How To Cook Every Type Of Steak


How To Cook Every Type Of Steak

ITS THAT TIME OF YEAR! ITS TIME TO BRING OUT THE GRILL MASTERS 2000'S (you know which ones I'm talking about.......)

If you don't have these on, more than likely the people at the cookout will question your legitimacy as a griller (not really but you get the point. In all seriousness, one staple item that most men claim that they have the best recipe for is the infamous STEAK.

Steak to some is a very difficult dish to make. Compared to chicken and beef, steak has many different styles that it can be cut into, in the details below, I will give you all some tips on how to recognize the perfect steak for the occasion, as well as tips on how to cook certain cuts:

When shopping for steak, if at all possible, you want to make sure that the steak is grass feed. You can do this by reading the label as shown below:

You always want to make sure that the claims being made are from an accredited third-party source such as the USDA. In the picture below it will give you a brief description of what makes the difference between a grass fed animal and a grain fed animal and why it makes a difference in how it will affect the meat:



If you are not familiar with the term, marbling is the thin, white lines of fat that are exhibited throughout the steak, that when cooked, is responsible for a lot of the meats boldness, flavoring, and tenderness. "What happens is as you cook the meat, these layers of fat melt and cover the meat, resulting in more flavor, moisture, and tenderness." - Craig Morris, USDA deputy administrator, "Beefing Up Your Knowlege"


Basics To Cooking Steak:
Just like with any other meat, you must let steaks thaw out, but it is ideal that the steak is at room temperature before you begin the process of seasoning and cooking. "Frying or grilling from the cold will prevent the heat from cooking the middle of the steak effectively." - Jamie Oliver, British Celebrity Chef

Use the seasonings of your choice, but do not season the pan. All seasonings should go on the steak, including things like butter, olive oil etc. Allow cooking utensil to become extremely hot before cooking. "Aim to cook medium-rare to medium, as you will be dealing with a tough piece of meat if cooked any further" - Jamie Oliver, British Celebrity Chef

(Me personally I do medium well, I just can't do a lot of pink in my meat.)


Types of Steak:

Aka: Culotte (literally, 'trousers') in France and (confusingly) sirloin in the US.

Found: This cut is located on the animals bottom/backside/booty, whatever you want to call it.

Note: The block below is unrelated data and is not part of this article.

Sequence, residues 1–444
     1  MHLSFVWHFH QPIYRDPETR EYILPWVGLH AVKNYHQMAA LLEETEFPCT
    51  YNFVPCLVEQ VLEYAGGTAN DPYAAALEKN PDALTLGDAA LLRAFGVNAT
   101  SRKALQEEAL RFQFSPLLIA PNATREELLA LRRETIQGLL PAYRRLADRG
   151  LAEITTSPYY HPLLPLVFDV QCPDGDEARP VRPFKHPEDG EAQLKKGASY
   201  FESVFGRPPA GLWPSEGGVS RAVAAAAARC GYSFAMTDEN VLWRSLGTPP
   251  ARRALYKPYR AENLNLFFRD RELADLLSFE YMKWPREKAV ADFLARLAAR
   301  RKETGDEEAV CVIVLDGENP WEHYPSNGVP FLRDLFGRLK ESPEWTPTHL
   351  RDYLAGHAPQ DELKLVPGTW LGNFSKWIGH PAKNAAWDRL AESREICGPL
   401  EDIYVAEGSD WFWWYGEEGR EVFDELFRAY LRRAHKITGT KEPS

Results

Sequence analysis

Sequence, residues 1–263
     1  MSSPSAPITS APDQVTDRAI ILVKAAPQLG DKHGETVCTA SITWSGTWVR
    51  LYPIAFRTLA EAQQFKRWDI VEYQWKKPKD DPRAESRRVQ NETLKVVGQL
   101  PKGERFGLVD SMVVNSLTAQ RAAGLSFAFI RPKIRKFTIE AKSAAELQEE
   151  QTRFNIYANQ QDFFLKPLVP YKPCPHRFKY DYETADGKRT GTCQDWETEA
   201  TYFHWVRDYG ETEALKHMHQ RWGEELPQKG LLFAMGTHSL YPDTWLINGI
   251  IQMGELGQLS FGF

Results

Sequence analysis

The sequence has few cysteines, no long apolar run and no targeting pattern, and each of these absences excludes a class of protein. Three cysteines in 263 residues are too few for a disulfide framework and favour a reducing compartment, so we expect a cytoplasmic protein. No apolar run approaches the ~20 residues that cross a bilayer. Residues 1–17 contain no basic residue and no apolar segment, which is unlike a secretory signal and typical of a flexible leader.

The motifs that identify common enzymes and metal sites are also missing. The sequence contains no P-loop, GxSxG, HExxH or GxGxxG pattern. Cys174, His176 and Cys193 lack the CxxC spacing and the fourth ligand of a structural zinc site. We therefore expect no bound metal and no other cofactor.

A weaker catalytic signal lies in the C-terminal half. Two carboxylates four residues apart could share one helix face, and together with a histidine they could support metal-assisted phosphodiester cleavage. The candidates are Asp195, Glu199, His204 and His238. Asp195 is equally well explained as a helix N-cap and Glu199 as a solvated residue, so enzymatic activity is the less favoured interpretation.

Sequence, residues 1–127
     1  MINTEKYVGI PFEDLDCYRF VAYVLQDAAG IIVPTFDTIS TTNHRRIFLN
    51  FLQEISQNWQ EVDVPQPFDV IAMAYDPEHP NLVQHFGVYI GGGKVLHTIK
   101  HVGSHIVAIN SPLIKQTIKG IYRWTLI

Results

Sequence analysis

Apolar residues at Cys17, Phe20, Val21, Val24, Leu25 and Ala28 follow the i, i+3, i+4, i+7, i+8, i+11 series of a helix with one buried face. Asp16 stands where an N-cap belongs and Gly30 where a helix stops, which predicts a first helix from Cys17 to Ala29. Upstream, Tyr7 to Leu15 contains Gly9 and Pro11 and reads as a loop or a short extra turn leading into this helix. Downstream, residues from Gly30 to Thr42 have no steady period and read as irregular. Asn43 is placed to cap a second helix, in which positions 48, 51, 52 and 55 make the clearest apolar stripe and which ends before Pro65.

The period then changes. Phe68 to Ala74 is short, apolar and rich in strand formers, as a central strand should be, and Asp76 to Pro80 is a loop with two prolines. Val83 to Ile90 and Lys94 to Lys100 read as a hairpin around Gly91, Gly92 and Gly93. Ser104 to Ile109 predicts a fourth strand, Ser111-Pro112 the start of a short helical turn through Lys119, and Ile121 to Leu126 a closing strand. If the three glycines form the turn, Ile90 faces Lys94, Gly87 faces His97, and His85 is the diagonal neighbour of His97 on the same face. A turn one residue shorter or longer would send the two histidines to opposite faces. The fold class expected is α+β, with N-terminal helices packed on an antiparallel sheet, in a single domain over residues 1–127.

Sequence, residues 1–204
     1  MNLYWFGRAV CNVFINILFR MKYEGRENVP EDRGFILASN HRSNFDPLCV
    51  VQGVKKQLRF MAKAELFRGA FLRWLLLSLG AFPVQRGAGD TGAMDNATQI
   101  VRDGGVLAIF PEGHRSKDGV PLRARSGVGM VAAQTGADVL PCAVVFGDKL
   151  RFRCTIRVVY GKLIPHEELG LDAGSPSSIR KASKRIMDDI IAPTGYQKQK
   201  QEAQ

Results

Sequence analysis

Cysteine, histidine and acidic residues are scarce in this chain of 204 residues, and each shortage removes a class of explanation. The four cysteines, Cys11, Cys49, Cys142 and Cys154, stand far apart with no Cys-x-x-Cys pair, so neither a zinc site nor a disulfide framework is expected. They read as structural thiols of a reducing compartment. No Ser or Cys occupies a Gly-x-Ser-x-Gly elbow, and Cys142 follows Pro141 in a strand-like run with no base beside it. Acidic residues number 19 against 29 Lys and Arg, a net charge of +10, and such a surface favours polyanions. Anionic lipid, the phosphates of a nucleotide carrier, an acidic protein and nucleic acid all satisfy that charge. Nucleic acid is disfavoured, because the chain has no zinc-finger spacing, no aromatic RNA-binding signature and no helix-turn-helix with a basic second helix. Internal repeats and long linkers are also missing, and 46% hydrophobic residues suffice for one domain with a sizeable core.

What To Look For: You won't see much marbling as it's a lean cut - the rump does more work than other parts of the animal - but make sure yours has been cut against the grain. The ideal size is about two inches thick.

Taste: This is the ideal steak for your everyday steak. It is typically packed with flavor but since this is a naturally tougher piece of meat, it requires extra care when cooking it.

How To Cook It: It needs a minimum of three minutes on each side with plenty of basting. As it's a muscular cut, you need to break down the fibers with heat and fat to make sure it's tender. Resting is vital here, too.


Found: On the front ribs of the cow. The ribeye section spans from ribs six through to 12.

What To Look For: A good example should be well marbled with a central layer of fat running through.

Taste: Its fat content brings the flavor.

How To Cook It: This is a cut of meat that is said you can cook as rare as you want due to the meat not being "worked" as much as the other cuts of the cow (even though...that is not my style).  Always remember, get the pan HOT AF!! Then get to cooking this juicy piece of meat.

Found: From the middle-back section of the cow, covering the spine

What To Look For: These types of steak will be dark red but don't accept anything with a green, almost slimy deposit as it means it has started to spoil.

Taste: Due to it's typical even fat to muscle ratio, its easy to achieve a melt in your mouth, beefy consistency while cooking this cut of meat. Typically juicy and flavorful as most butchers let this meat age for up to 60 days as it responds well to aging.

How To Cook It: You need to properly render the fat, which means a super-hot pan. Keep cooking until the fat has taken on a golden brown color the entire width of the steak. Take it rare, medium, or well done.

Found: Inside the sirloin, running along the side of the animal's spine.

What To Look For: You won't find any marbling here - this muscle does not work at all. You're after a deep cut of a similar width, so it cooks at an even rate.

Taste: It's the leanest, most expensive cut and popular among gym-goers. However, its lack of fat means less flavor  It works well with fatty sauces.

How To Cook It: Cook it rare or medium rare and go for a medium heat with plenty of basting. As it's so lean it can easily become tough as the fibers tighten, so be careful not to overcook.

T-Bone Or Porterhouse
Found: The lower middle of the animal. It's part sirloin and part fillet with the two cuts divided by the 'T' of bone.

What To Look For: This cut takes skilled butchery, so make sure everything looks even and cleanly cut. Straight lines and good-sized portions of both steaks make a good steak.

Taste: The best of both worlds. You've got the leanness of the fillet contrasted with the fat of the sirloin. Ready you largest pan.

How To Cook It: The two different cuts require different cooking times, so it can be tricky. Your best bet is to have the butcher leave the bone in. Sear the whole thing in a hot pan, then transfer to a 200°C oven for 10 minutes to make sure everything is properly cooked and tender.



Found: The end of the inner flank, just above the liver and kidney, sitting over the belly.

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